In spite of public and professional support for protecting the rights of our healthcare professionals, the legislation the Government has proposed does not provide a positive right for conscientious objection. What the Minister is proposing is not the same as that which exists in the UK. It is, in fact, much worse. Even Britain's infamous Abortion Act 1967, which has led to more than 8 million lives being lost over half a century, states that no person will be obliged to perform an abortion. Under the current proposals here, however, employers and professional groups in Ireland will be able impose a duty on medical professionals to carry out these procedures which are so against their deepest beliefs about the sanctity of life and the importance of protecting it.

I commend the Catholic hospitals on standing firm against this new penal law, which is not being introduced by British colonisers this time but by political leaders in this country who claim to uphold and respect all in society. They do not respect them. Not only could the legislation, as it is currently drafted, open the door to doctors, nurses and midwives being forced to participate in performing abortions, it also does not provide any protection for pharmacists, who may soon discover that they have no choice but to be involved in the dispensing of abortion pills to patients. We owe it to our hard-working doctors, nurses, midwives and pharmacists not to force them to do things which go against their deepest beliefs. That is why freedom of conscience must be respected within this legislation.

By continuing down this destructive path, the Minister risks doing even more damage to the already creaking health service. Unless conscientious objectors are protected within the law, we are going to lose hundreds, if not thousands, of our best and most hard-working and dedicated GPs, gynaecologists, nurses and midwives. Our pro-life medical professionals, like all our other medical professionals, deserve thanks for all they do to care for those within society. The least we can do is ensure they can continue to do this vital work without violating their deepest beliefs.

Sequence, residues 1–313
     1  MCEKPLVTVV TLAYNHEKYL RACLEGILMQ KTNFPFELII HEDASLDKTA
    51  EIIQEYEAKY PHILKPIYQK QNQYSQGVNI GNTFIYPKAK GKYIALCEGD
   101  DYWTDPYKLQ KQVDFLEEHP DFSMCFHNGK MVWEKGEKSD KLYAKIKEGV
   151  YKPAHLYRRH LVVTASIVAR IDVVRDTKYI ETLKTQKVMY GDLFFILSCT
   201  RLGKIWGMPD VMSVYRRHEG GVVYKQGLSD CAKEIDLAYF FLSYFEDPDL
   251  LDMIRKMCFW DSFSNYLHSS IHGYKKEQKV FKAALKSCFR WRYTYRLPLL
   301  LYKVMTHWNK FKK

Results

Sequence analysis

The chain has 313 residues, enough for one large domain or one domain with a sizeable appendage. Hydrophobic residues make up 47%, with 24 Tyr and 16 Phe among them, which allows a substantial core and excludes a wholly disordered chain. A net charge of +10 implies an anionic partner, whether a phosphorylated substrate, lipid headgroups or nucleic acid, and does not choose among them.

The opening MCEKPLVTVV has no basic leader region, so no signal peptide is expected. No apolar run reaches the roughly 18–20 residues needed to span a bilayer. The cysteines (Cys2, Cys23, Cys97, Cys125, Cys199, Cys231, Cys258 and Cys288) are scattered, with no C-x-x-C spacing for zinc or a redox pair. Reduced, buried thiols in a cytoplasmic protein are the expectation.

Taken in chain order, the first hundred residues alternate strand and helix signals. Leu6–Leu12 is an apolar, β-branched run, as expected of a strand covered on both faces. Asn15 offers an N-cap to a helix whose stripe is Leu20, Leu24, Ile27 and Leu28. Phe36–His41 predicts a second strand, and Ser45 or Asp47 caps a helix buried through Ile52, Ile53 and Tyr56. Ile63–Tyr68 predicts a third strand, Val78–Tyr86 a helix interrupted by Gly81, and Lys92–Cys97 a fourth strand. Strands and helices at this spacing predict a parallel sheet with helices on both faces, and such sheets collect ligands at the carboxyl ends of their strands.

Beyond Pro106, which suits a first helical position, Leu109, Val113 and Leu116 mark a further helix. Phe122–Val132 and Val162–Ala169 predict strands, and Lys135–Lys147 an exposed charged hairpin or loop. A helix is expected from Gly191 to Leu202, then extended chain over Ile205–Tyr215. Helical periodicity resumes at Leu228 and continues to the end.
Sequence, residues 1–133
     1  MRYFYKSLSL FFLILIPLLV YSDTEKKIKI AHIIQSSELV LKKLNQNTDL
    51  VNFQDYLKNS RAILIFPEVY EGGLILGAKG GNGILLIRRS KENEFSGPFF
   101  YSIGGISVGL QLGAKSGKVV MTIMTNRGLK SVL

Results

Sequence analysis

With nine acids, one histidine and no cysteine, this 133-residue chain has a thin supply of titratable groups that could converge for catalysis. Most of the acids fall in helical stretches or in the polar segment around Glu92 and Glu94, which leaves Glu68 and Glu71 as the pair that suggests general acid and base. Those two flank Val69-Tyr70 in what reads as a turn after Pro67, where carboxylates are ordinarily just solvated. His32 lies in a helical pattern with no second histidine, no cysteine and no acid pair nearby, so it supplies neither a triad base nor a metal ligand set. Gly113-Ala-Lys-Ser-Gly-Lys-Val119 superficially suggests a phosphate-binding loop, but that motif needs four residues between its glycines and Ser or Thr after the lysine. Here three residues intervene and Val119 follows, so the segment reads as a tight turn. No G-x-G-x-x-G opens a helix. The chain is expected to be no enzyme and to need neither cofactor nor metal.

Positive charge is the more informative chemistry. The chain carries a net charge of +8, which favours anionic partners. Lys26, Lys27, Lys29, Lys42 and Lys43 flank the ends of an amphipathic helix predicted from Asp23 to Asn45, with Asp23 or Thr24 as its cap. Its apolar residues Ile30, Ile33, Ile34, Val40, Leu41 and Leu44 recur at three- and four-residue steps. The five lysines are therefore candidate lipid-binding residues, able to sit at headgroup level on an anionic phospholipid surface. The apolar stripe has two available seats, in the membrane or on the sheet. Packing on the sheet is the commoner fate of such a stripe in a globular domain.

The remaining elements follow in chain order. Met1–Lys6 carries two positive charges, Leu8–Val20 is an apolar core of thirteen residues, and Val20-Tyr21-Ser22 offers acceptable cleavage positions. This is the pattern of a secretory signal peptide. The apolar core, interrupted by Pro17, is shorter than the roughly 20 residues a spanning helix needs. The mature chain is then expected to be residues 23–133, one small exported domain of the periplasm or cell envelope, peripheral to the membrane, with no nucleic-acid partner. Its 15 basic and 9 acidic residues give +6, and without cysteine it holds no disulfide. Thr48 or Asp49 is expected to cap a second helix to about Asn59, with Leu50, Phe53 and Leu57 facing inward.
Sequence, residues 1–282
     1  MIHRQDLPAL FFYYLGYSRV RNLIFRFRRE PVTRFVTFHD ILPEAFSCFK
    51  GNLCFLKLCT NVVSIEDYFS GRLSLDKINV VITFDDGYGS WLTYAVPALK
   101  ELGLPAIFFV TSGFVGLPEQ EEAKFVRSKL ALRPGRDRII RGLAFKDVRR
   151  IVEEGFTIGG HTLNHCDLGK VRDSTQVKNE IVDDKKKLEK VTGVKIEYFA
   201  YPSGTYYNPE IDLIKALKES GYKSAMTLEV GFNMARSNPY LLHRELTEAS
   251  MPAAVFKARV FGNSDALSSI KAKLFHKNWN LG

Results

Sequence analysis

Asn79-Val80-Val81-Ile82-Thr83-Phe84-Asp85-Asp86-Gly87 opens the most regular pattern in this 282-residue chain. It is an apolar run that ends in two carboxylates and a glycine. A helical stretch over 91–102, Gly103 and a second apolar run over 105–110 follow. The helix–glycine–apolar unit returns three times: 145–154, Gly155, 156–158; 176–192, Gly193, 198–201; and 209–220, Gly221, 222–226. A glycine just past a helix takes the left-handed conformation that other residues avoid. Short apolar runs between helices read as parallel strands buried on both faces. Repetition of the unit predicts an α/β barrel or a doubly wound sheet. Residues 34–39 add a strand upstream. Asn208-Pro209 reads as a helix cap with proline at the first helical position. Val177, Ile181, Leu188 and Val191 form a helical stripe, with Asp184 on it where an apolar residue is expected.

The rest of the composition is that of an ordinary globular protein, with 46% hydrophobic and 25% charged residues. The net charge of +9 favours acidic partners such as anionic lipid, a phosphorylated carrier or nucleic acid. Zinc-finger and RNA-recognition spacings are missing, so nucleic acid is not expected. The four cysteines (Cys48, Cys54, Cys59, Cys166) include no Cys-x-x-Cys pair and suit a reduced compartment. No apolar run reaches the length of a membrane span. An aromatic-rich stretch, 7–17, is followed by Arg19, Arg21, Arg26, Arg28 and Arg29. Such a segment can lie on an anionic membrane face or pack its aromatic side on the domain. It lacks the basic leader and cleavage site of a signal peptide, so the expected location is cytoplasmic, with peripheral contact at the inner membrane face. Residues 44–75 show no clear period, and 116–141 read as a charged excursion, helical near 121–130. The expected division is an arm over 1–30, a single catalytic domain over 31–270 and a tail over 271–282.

It is also vital that there be no reduction in the mandatory 72-hour waiting period. This was a core part of the proposals on which the Government fought its referendum campaign. It is also vital that abortions are prohibited on grounds of disability. Unborn babies with disabilities should be protected. After all, we talk about an inclusive and accepting society with equality for all. I am aware of the fact the group Disability Voices for Life has written to the Minister on this matter, seeking a meeting on a proposed amendment to the Bill. I support its call for such an amendment to be made to this harsh and needlessly extreme Bill.

The allocation of an initial amount of €12 million of taxpayers' money is only the beginning. This is a gross abuse of taxpayers' money. That any Government would allocate taxpayers' money to selectively discriminate and bring about the end of the life of an unborn baby is not only an unethical breach of voter trust, it is abhorrent. Such a Government is not worthy to represent or lead the Irish people. It is time for change: time for a change of Government and also, perhaps, for a change of party leaders. Nelson Mandela once stated, "The time is always right to do right. And as we let our light shine, we unconsciously give other people the permission to do the same."

Before I address the legislation, I point out that I have listened to most of the contributions. Even those who were opposed to the referendum taking place or opposed to the legislation, have all, bar one, in my opinion, recognised the will of the people on 25 May. It is very unfortunate that there are still some within this Chamber who use terms during the debate on this legislation to suggest that people "did not understand what they were voting for" or were stupid. That is grossly offensive to the electorate and I reject it.

I canvassed my constituency, as I am sure other Deputies canvassed theirs. We met people who were for and against the removal of the eighth amendment. I believe it was a very civil debate at the doors. I met many people who had not made up their minds or who had no clear preference before meeting canvassers, who were open to either voting for or against, and who were engaged with the canvassers on both sides. I believe the vast majority of people who went out and cast their votes on 25 May did so from an informed position. They were informed in a number of ways. They were informed through the Referendum Commission, through the debates that took place on television and radio and through the canvassing teams for and against the proposal. I find it incredible that some Deputies would insult the people by stating they were stupid or that they did not understand what they were voting for. I think they should reflect on that.